Excerpt from Chapter 4-Seattle: Tomorrow Is Now
A City of Green Builders
The great irony of Seattle’s popularity is that so many people are flocking here that they are, literally, loving the place to death. As we saw earlier, each time you disturb the soil with large building projects, the land erodes and washes into the area’s waterways, eventually polluting and clogging those arteries and making it difficult for the wildlife to survive. If a city is to grow in a sustainable manner, people have to find new ways of building homes and business that do not impact or destroy so much of the natural world. The desire to do this has led to a movement in environmentally friendly construction and architecture, called green building. Seattle has gained a reputation as hotbed for this kind of work.
For Martha Rose, the philosophy of green building is the culmination of a lifetime of strong ideas about sustainable shelter. When she was only nineteen years old, Chicago-born Rose took a job as a carpenter on a construction site in the Washington, DC, area. “The work was hard,” she remembers, “but I liked it.”
The granddaughter of a Chicago builder, Rose had always had a strong reaction whenever she saw new houses going up on what was once farmland outside Chicago. “Every time I saw new development in rural areas, I didn’t like it,” she says. “And that was when I was young. Every place else that I went, I’d see the same thing. In DC and in Portland, Oregon. My feeling was the same: I just didn’t like it.” There had to be a better way to make new homes for people than to keep gobbling up precious swaths of green, untouched land, she thought.
There could be better ways to build, too. On her first job as a young carpenter, she was appalled when her boss had her install shoddy doorknobs on a door. “I think the only thing that was metal in those knobs were the screws holding them to the door,” she remembers. “The rest of it was plastic. It was so cheap it made me sick. I would rather have a smaller house better built than a big house done cheaply.”
Eventually, she would have her chance. In 1982 she took a job as a building inspector in Seattle, a job that allowed her to travel throughout the city, where she saw countless vacant, near-vacant, or dilapidated parcels of land within the city limits that were crying out for intelligent repurposing. If you were going to build homes, she thought, this was the place to do it: inside the city, where you didn’t have to impact farmland, or worse, raw nature. This type of construction has a name—“urban infill housing”—and refers to the filling-in of city lots. Such construction is usually speculative; the builder buys a piece of property, erects a townhouse, and then puts the new structure on the market. The practice is controversial because longtime residents often don’t like the way the new structures alter the character of the neighborhood. But Seattle was a city on the move. Its population was growing, and newcomers especially liked the idea of moving into a vibrant city center.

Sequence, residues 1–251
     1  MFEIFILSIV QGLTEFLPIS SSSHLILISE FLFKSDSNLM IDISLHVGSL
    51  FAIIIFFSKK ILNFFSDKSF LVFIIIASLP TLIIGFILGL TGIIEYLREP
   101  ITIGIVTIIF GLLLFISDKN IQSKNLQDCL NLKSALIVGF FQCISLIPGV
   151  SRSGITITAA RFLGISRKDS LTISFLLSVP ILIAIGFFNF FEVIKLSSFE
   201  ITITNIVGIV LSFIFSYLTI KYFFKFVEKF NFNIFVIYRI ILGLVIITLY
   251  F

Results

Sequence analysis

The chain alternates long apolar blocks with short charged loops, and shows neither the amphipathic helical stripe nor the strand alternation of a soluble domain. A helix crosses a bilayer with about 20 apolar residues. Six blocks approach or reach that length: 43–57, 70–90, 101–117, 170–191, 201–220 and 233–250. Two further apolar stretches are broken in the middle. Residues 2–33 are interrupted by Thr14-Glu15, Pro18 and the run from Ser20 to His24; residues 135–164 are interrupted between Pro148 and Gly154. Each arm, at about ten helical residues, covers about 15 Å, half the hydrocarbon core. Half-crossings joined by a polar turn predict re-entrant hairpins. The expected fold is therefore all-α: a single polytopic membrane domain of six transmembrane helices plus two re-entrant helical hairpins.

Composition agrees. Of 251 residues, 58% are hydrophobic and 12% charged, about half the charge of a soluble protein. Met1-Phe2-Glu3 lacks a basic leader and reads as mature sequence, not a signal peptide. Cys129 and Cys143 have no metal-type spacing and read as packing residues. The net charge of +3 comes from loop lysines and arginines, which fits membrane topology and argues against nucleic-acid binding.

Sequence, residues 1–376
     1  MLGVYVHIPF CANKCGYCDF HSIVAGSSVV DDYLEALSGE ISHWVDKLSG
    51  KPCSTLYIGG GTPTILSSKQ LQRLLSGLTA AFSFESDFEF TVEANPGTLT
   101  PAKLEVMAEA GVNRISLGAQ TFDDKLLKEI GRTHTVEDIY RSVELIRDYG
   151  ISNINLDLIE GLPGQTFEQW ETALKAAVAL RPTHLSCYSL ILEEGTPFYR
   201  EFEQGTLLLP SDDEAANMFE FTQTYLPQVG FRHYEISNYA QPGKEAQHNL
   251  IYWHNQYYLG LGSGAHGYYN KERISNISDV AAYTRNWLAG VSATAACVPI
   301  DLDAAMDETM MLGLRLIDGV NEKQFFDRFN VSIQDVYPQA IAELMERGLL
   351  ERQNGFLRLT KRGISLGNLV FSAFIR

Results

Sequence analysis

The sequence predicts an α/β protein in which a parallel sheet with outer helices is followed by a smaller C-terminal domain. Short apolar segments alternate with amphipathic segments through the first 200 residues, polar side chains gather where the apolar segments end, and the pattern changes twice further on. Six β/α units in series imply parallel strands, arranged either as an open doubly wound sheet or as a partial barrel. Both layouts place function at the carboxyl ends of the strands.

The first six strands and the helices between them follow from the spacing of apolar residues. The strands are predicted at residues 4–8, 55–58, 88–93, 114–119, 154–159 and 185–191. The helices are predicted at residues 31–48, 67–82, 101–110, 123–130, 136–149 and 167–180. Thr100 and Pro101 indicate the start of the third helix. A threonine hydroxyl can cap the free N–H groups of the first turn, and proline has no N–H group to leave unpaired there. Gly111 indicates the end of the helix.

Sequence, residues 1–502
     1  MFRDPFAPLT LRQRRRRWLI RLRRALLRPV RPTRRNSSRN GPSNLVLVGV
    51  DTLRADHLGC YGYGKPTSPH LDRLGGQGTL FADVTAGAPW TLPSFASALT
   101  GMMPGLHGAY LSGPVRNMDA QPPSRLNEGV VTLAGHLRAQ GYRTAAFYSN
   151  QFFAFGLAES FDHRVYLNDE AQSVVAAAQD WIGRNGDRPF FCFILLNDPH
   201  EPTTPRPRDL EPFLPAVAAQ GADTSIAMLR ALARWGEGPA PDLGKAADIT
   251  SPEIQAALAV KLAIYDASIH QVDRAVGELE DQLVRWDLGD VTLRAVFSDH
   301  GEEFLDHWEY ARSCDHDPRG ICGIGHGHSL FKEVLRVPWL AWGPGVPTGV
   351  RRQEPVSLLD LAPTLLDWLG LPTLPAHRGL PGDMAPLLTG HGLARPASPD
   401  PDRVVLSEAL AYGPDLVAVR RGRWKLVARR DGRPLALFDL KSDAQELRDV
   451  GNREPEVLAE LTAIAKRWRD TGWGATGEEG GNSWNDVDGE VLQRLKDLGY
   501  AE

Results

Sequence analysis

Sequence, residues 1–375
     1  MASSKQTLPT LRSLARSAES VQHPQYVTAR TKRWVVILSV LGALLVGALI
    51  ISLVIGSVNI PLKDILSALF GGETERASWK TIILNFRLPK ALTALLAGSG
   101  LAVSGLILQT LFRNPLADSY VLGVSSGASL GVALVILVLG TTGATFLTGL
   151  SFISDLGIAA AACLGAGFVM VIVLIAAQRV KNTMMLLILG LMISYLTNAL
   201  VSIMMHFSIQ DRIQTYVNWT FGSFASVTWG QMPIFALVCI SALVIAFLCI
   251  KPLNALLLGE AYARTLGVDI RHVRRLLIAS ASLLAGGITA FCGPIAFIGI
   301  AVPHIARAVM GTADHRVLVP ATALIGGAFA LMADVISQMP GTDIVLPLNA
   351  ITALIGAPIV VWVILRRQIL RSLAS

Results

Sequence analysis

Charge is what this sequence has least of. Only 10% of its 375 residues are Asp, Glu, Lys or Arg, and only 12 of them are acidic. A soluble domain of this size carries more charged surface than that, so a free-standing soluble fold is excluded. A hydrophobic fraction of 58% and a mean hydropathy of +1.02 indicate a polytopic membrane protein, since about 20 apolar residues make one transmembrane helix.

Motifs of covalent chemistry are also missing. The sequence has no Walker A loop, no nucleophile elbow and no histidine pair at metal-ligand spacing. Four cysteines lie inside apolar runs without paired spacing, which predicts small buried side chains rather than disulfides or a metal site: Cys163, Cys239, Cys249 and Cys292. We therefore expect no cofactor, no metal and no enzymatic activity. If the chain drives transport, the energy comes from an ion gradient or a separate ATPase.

Rose began building homes in downtown Seattle, always looking for ways to improve her methods and build safer, more efficient, more ecologically sound structures. For example, the start of any construction job is usually a messy endeavor. The demolition crew sweeps in, levels everything to the ground, and hauls away the debris of the older structure to a landfill site. Rose and other green builders were beginning to see that that process was highly detrimental to the environment. Much of the stuff they were hauling away to the landfills could be reused or recycled, and the big machines ended up tearing up the adjacent land, ruining the topsoil and local vegetation, and sending tons of loosened soil down storm drains.
Today Rose has adopted an earth-friendly approach to site management. Before the job starts, she calls in a salvage company that picks through the existing structure for usable items, such as hardwood floors, cabinets, and mantelpieces. Each of these items are carefully pried out and donated to shelter organizations or sold to people looking to restore old homes. Next, the empty shell is demolished, and the resulting concrete, wood, and bricks are sent to a special recycling site that sorts “commingled debris.” The wood is ground up for composting, the metal is recycled as scrap, and anything unusable is ground up and used to layer landfills. Thanks to this novel method, only 5 percent of structures—instead of 100 percent of them—ever make it to a landfill!
Recently, Rose has started using demolition crews that use only biodiesel equipment to knock down buildings. “Believe it or not,” Rose says, “the inventor the diesel engine, Mr. Rudolf Diesel, actually designed his original engine to run on peanut oil. Later, people came along and started using petroleum fuels.” Today’s biodiesel fuels, made from various vegetable products, are gentler on the environment and burn cleaner.